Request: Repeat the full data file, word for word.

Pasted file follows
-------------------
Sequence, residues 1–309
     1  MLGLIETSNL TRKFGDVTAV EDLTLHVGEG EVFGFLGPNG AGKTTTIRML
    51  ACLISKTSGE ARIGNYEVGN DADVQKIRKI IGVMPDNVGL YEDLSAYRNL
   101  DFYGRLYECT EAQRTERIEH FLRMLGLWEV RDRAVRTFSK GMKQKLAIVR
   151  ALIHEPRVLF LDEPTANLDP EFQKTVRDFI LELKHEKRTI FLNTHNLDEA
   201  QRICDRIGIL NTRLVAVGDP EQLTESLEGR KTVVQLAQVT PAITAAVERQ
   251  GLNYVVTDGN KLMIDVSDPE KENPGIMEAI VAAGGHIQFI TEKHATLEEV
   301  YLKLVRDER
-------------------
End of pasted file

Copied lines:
Sequence, residues 1–309
     1  MLGLIETSNL TRKFGDVTAV EDLTLHVGEG EVFGFLGPNG AGKTTTIRML
    51  ACLISKTSGE ARIGNYEVGN DADVQKIRKI IGVMPDNVGL YEDLSAYRNL
   101  DFYGRLYECT EAQRTERIEH FLRMLGLWEV RDRAVRTFSK GMKQKLAIVR
   151  ALIHEPRVLF LDEPTANLDP EFQKTVRDFI LELKHEKRTI FLNTHNLDEA
   201  QRICDRIGIL NTRLVAVGDP EQLTESLEGR KTVVQLAQVT PAITAAVERQ
   251  GLNYVVTDGN KLMIDVSDPE KENPGIMEAI VAAGGHIQFI TEKHATLEEV
   301  YLKLVRDER